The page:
A woman whose “miraculous” recovery from an inoperable brain aneurysm paved the way for the late Pope John Paul II to be declared a saint at a ceremony at the Vatican this weekend has described how the Polish pontiff appeared to her in a vision.
Floribeth Mora Diaz, from Costa Rica, will be a guest of honour at the ceremony on Sunday, when Pope Francis will canonise two of his predecessors – John Paul II and John XXIII, the Italian pontiff nicknamed “the Good Pope” who initiated reforms to the Catholic Church in the 1960s.
Three years ago, Mrs Mora was told by doctors in her home country that her condition was hopeless and that her death was only a matter of time.
Partially paralysed, she was on pain medication and lying in bed at home on May 1, 2011, clutching a magazine with a front cover photograph of the former Polish pontiff, when he purportedly appeared before her in a vision.
It was the day that John Paul II was beatified at a grand open-air ceremony in St Peter’s Square – the first step towards him being made a saint.
“Floribeth, get up, what are you doing here? Why don’t you go into the kitchen and see your husband?” the vision said to her.
Floribeth Mora, the Costa Rican woman whose inexplicable curing of her medical condition has been attributed to a miracle by Pope John Paul II.
The late Pope’s hands seemed to reach out towards her from the cover of the magazine, she said.
“And I responded, now I feel fine, I’m going, I’m going,” the 50-year-old mother-of-four told Il Messagero, an Italian daily, on Wednesday.
She insisted that from that day on, she was completely cured. “I felt a great sense of wellness inside me.”
Acknowledging that many people would be highly sceptical of her recovery, and of the whole concept of miracles, she said that “people can think what they want – what I know is that I’m healthy.”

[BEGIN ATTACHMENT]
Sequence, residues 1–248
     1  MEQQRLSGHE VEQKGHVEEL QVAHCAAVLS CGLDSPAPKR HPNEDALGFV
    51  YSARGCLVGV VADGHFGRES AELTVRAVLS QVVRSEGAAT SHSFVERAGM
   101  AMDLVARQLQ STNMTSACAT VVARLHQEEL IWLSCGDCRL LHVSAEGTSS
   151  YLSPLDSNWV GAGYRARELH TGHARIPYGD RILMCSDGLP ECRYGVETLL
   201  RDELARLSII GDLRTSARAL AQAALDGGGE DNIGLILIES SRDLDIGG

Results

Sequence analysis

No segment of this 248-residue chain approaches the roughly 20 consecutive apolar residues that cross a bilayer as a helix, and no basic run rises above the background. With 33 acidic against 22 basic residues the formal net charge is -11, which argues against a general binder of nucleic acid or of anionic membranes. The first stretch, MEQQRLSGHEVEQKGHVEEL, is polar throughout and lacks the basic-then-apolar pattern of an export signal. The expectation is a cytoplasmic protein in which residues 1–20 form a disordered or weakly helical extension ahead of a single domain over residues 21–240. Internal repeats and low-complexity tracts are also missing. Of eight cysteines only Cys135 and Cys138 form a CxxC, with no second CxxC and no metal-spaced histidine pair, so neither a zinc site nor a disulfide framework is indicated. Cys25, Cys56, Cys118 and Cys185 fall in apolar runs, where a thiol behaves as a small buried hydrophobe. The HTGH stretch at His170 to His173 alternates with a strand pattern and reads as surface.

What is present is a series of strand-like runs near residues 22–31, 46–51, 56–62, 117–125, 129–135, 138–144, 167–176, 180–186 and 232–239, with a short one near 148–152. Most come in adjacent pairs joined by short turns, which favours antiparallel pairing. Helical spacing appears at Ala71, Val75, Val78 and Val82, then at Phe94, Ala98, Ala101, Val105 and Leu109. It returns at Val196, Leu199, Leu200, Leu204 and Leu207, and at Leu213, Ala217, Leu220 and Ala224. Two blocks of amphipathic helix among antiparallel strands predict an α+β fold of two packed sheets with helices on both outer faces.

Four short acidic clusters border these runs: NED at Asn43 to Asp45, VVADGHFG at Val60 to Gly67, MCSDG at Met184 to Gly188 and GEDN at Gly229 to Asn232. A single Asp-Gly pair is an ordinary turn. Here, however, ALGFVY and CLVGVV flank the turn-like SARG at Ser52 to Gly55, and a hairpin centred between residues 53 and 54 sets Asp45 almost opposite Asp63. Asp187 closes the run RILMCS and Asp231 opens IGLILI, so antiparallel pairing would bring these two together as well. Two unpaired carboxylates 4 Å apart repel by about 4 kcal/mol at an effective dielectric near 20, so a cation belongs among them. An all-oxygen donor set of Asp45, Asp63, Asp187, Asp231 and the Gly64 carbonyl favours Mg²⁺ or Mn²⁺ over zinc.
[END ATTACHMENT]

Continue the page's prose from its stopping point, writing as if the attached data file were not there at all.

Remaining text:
“There are always people who don’t believe me, who say I’m crazy, but what counts for me today is that this ‘crazy woman’ is cured.”
Even her neurosurgeon seems to be convinced. "If I cannot explain it from a medical standpoint, something non-medical happened," said Alejandro Vargas Roman. "I can believe it was a miracle."
She recounted the story on a website linked to the beatification of John Paul II.
It was not long before the Vatican contacted her in what was the start of a long process in which the purported miracle was scrutinised by the experts of the Holy See, led by the Vatican “postulator” in charge of advancing John Paul II’s sainthood.
Mrs Mora was flown to a Church-run hospital in Rome, where she was registered under a false name while doctors conducted tests which showed that she was completely healthy.
“I was meant to be just a tourist from Costa Rica who had fallen ill while on holiday in Italy,” she said. “The watchword was – maximum secrecy.”
Since her recovery, she has become the object of almost cult-like devotion, with the faithful and people suffering from illnesses flocking to her home in a middle-class neighbourhood in the town of Dulce Nombre de Cartago, 12 miles outside the capital of Costa Rica, San Jose.
She has had to give up much of her work for her family-owned security business to deal with the huge interest in her story, welcoming the faithful to the home she shares with her husband, a former policeman, and children.
People have given her so many letters and messages to hand to Pope Francis when she meets him this week in Rome that she has had to buy an extra suitcase in which to carry them.
While she is pleased that John Paul II will be made a saint on Sunday, in an unprecedented event which will probably also be attended by Pope Emeritus Benedict XVI, she told the Associated Press:
“For me he’s already a saint.”
Her cure, which the Vatican insists cannot be explained by science, was declared a miracle last July by Pope Francis, in a move which gave the final approval for John Paul II to be canonised.
The first miracle attributed to him was the apparent healing of a French nun, Sister Marie Simon-Pierre.
Her recovery from Parkinson's disease after praying for the late Pope’s "intercession" in 2005 had no medical explanation, the Catholic Church maintains.